Haney’s family-owned real estate business donated thousands of dollars in 2013 and 2015 to political action committees that supported Alabama Gov. Robert Bentley, who later recommended that the nuclear plant Haney wanted to buy be put up for sale. Haney also contributed to a nonprofit created to promote Bentley’s agenda. The Republican governor resigned in 2017 as he faced impeachment proceedings after an alleged affair with an aide.

In addition to the investigation into Haney’s contribution to the Trump inaugural committee, Haney is in an unrelated legal battle with the nuclear plant’s owner, the Tennessee Valley Authority. Another Haney company, Nuclear Development LLC, has filed a lawsuit in federal court accusing the TVA, the nation’s largest public utility, of illegally blocking the plant’s sale to him at the last minute. The utility has argued it couldn’t complete the transaction because Haney failed to get the Nuclear Regulatory Commission’s approval for transfer of the construction permits.

A tentative Bellefonte sale in November 2016 involved two partially constructed nuclear reactors and the supporting cooling towers, several other buildings and more than 1,000 acres of land on the Tennessee River. Haney put down $22 million and had until November 2018 to complete the $111-million sale.

On Nov. 29, the day before the sale was to be closed, the TVA scrapped the deal, declaring that Haney’s company had not yet secured regulatory approval as required by the Atomic Energy Act. Haney filed a breach of contract lawsuit.

In early April, about five months after Nuclear Development submitted its application for transfer of the construction permits, the regulatory commission’s staff told the company it needed to submit more technical details before it could proceed.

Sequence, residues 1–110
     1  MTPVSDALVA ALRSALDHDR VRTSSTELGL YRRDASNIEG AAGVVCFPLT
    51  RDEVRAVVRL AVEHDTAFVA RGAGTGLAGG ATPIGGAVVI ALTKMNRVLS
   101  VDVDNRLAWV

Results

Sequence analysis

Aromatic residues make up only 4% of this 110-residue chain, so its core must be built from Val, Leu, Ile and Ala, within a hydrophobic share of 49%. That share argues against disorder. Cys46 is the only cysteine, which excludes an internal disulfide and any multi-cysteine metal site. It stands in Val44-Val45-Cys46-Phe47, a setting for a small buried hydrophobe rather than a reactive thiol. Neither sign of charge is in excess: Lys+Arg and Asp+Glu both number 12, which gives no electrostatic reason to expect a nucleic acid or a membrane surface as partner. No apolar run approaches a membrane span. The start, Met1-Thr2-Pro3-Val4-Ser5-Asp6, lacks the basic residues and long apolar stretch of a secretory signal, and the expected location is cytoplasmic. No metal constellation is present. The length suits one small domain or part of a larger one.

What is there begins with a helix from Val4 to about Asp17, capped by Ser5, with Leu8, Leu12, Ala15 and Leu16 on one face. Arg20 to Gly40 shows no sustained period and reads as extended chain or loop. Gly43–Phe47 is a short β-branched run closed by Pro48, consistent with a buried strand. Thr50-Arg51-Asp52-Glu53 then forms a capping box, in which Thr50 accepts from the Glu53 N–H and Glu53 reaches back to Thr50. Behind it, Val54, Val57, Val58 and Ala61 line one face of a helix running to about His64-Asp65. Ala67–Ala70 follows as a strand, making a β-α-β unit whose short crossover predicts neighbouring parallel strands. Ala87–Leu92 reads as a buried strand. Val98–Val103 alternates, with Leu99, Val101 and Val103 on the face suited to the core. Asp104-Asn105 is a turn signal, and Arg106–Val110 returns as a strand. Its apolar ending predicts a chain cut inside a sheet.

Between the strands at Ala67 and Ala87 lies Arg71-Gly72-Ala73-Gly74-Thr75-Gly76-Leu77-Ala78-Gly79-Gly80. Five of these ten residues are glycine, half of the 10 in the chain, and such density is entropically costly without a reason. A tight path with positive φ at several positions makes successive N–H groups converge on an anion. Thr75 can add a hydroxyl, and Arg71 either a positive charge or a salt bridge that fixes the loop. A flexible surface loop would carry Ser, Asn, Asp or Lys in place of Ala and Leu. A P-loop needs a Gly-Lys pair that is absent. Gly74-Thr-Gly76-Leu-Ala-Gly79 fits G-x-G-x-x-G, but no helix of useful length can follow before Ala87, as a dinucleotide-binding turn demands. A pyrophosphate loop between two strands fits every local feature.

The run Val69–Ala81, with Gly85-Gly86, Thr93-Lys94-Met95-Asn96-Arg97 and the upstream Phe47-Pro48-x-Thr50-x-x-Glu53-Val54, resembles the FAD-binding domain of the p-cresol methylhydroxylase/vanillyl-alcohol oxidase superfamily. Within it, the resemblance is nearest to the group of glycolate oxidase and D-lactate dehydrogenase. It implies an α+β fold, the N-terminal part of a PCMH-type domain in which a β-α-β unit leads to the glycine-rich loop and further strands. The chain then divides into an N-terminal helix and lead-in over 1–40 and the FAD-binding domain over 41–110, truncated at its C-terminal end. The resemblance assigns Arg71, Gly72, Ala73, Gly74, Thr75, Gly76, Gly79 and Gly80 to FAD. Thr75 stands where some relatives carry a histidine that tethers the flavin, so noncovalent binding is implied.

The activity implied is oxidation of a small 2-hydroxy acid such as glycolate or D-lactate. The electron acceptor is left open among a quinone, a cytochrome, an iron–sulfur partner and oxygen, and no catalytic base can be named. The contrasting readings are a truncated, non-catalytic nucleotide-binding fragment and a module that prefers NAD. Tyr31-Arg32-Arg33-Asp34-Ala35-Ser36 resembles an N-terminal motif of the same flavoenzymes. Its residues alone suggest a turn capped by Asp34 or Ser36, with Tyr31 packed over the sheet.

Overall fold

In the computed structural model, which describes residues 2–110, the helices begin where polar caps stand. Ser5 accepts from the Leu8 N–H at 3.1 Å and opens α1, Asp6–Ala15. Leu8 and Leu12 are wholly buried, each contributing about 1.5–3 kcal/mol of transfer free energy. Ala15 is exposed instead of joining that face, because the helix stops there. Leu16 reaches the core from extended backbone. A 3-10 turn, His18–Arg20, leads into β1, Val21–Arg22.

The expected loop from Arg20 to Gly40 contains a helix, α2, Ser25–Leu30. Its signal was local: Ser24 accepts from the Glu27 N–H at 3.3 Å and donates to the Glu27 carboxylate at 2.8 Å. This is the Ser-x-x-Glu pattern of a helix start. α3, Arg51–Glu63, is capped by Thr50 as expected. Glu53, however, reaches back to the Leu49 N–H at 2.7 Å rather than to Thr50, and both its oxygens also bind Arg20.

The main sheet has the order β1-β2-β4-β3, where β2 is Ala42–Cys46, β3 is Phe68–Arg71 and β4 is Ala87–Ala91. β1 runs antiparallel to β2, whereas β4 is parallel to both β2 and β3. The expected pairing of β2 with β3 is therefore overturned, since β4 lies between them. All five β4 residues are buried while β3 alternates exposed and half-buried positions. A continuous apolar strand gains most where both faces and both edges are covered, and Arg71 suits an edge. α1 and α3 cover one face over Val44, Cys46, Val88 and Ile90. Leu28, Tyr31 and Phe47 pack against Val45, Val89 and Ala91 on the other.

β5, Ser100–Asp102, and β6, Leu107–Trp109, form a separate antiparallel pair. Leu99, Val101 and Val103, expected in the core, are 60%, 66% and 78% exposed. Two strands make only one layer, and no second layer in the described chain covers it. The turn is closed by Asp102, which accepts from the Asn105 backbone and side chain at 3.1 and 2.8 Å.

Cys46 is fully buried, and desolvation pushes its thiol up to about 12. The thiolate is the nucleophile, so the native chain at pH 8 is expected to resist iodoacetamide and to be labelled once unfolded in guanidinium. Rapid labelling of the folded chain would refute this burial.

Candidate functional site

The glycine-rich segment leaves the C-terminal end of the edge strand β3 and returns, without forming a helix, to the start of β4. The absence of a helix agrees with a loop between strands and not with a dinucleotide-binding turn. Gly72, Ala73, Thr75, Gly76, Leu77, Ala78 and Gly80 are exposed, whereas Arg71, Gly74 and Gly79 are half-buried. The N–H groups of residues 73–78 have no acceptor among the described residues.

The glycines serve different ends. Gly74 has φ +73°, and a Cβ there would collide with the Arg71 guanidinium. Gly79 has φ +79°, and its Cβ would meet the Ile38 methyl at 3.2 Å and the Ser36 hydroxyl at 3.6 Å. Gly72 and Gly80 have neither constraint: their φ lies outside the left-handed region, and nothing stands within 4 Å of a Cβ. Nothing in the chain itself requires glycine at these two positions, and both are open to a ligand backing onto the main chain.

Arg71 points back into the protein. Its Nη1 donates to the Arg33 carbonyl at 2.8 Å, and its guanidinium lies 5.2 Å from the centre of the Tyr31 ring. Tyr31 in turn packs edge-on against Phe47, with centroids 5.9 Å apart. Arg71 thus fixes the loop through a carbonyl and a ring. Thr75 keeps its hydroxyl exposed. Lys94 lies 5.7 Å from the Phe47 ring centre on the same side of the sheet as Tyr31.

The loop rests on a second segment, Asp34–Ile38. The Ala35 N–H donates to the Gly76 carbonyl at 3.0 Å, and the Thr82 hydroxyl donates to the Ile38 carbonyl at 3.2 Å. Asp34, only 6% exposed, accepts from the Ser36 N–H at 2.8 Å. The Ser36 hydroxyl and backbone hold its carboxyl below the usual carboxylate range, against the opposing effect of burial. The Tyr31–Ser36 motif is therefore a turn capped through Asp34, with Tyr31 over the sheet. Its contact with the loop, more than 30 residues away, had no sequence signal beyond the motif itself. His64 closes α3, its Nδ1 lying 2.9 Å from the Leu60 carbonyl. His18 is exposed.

Edwin Lyman, a nuclear power expert at the Union of Concerned Scientists, said the response reflected skepticism about whether Haney’s company “is serious about or capable of actually undertaking this project or just wants to put the license in its pocket for purposes unknown.”

But Lyman added the five-member nuclear regulatory board is dominated by Trump appointees and may not want to be seen by Congress and the Trump administration as throwing up roadblocks to a nuclear power expansion.

Haney’s Nuclear Development company also has applied to the U.S. Energy Department for financing assistance on the project. The department said it considers the loan application process to be “business sensitive” and declined to comment.

Stephen Smith, executive director of the nonprofit Southern Alliance for Clean Energy, said Haney faces too many technical and financial hurdles to overcome.

For example, Bellefonte’s never-completed nuclear reactors are decades old and are of a unique design that has never received an operating license in the U.S. before. He compared Bellefonte to a Ford Pinto, a 1970s-era vehicle with serious engineering flaws. Smith said it’s “extraordinarily unlikely” Bellefonte will be allowed to operate.